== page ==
We can’t ignore the warnings that it won’t be long before the cracks start to appear as Britain’s insurance industry brace themselves for the predicted surge in subsidence claims following this year’s weather conditions.
The Met Office have reported that the UK has had the driest first 6 months of the year since 1929.
As temperatures rise there is more chance of soil drying out causing the ground to shrink, the trees then drain what little moisture is left causing the ground to move. Foundations in clay soils are at particular risk as clay is more likely to shrink and swell. When the ground shrinks the foundations will literally ‘fall’ causing movement in the form of cracks coming up from the corners of doors and windows and in the corners of ceilings. Cracks that are wider at the top than the bottom are normally indicative of ground movement.
If you spot suspicious cracks, contact your insurer to start the claims process. The insurer will send an expert to examine the problem and may monitor the property for up to 12 months. Today, underpinning is rare. Most subsidence problems can be dealt with by professional removal or pruning of trees and repairs to drains, followed by a period of monitoring which is essential to measure any subsequent movement and confirm when the property has stabilised.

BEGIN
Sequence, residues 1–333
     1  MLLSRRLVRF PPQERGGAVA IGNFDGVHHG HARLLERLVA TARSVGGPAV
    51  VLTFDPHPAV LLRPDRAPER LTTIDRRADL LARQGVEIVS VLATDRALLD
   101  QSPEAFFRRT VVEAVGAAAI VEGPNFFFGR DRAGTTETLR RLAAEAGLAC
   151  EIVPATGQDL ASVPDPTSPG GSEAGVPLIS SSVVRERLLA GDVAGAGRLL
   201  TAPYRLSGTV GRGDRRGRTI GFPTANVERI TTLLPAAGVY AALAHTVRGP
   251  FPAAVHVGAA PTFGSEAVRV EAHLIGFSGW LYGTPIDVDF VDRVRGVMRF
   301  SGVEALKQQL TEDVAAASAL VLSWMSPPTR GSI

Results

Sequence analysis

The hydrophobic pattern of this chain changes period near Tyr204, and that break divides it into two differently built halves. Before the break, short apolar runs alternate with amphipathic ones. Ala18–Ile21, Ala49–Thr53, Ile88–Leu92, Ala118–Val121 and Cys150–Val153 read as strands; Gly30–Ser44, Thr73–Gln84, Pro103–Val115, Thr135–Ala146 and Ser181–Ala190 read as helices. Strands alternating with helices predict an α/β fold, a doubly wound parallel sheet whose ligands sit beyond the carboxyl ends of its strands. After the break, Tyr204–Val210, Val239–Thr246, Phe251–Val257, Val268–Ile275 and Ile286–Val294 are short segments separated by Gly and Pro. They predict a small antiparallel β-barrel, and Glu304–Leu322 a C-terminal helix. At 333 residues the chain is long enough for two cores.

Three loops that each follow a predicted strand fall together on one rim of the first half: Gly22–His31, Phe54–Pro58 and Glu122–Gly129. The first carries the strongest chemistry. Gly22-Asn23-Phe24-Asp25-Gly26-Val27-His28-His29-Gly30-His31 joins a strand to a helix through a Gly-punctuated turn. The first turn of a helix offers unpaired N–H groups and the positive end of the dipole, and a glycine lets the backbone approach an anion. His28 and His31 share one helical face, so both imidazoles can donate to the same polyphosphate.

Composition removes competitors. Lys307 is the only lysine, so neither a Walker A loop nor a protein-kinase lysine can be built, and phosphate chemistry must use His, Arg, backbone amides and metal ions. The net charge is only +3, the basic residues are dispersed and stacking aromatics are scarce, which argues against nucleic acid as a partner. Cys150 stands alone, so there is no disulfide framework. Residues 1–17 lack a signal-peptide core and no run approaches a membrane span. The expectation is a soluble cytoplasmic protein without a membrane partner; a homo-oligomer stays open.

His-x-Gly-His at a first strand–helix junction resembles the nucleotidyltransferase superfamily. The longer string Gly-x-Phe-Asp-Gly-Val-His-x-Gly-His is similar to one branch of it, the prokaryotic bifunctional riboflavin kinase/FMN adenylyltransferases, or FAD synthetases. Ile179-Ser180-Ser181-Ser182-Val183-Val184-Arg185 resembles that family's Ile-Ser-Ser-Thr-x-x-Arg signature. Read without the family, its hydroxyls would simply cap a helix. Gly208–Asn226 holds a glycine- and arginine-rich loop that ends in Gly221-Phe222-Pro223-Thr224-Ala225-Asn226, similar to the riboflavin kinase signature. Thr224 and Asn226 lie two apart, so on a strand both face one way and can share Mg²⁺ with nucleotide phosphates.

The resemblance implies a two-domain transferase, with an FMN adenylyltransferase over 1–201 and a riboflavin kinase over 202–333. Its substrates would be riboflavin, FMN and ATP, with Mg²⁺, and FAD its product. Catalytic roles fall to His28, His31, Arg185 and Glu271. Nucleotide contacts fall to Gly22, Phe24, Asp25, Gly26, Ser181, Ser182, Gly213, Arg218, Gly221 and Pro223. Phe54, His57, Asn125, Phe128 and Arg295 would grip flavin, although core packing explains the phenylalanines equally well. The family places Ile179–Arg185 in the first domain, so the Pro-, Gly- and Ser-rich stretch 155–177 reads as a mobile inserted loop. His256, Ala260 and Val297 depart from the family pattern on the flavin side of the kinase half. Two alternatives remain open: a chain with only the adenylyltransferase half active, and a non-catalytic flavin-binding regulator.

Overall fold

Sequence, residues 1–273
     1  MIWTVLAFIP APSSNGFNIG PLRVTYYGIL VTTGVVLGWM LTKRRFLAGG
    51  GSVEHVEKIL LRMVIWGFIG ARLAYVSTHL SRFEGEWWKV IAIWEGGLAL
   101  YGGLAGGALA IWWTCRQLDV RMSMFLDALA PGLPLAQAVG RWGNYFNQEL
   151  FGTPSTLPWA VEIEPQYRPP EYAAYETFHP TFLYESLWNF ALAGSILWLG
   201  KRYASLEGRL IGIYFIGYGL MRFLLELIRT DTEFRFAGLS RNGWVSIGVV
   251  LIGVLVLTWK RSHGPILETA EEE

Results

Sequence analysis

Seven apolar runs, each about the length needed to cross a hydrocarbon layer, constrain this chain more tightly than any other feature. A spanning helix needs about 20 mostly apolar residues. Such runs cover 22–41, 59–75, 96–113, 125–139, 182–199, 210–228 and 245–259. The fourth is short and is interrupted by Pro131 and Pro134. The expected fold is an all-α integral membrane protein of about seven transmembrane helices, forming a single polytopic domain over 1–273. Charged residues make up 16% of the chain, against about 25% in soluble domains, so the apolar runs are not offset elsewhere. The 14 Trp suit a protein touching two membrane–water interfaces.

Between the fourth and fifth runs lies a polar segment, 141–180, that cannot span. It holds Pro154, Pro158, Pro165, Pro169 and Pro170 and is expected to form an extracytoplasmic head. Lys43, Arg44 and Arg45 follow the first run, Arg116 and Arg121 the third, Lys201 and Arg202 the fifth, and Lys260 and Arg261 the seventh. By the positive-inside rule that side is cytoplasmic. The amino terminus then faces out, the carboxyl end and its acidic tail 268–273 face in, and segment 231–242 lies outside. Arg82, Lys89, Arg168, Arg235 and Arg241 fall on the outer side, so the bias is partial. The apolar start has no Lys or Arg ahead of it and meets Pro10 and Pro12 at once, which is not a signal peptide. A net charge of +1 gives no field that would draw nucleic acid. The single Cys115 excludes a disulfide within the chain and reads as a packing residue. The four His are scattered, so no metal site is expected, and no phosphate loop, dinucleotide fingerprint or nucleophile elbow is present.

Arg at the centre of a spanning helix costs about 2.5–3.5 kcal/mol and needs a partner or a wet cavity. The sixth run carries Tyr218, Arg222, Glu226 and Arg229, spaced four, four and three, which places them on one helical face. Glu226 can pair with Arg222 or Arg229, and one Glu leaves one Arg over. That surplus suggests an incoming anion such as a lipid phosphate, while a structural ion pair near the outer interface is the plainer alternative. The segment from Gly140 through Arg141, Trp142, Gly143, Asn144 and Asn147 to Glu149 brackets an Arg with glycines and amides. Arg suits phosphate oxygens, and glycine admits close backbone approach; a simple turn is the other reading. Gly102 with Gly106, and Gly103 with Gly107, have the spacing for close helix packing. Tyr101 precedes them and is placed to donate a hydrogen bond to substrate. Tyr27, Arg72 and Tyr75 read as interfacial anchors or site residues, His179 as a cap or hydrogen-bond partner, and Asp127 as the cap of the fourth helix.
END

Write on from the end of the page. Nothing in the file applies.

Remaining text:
Removing the cause of subsidence, (trees / broken drains), will then allow the ground to return to its natural state but during this process the moisture balance of the soil will change causing the ground to swell (heave) which will push up any structures built on top of it.